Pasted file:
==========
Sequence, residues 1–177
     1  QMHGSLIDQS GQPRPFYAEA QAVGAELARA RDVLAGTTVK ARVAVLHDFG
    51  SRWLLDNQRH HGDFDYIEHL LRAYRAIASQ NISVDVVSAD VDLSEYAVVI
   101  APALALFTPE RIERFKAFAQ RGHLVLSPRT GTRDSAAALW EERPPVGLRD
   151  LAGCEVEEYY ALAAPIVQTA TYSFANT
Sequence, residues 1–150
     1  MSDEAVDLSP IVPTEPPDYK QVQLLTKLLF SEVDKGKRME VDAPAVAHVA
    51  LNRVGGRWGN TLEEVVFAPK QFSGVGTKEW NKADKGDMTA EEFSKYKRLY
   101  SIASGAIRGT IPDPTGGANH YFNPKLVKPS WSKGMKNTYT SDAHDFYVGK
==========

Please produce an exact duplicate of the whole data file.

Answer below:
Sequence, residues 1–177
     1  QMHGSLIDQS GQPRPFYAEA QAVGAELARA RDVLAGTTVK ARVAVLHDFG
    51  SRWLLDNQRH HGDFDYIEHL LRAYRAIASQ NISVDVVSAD VDLSEYAVVI
   101  APALALFTPE RIERFKAFAQ RGHLVLSPRT GTRDSAAALW EERPPVGLRD
   151  LAGCEVEEYY ALAAPIVQTA TYSFANT
Sequence, residues 1–150
     1  MSDEAVDLSP IVPTEPPDYK QVQLLTKLLF SEVDKGKRME VDAPAVAHVA
    51  LNRVGGRWGN TLEEVVFAPK QFSGVGTKEW NKADKGDMTA EEFSKYKRLY
   101  SIASGAIRGT IPDPTGGANH YFNPKLVKPS WSKGMKNTYT SDAHDFYVGK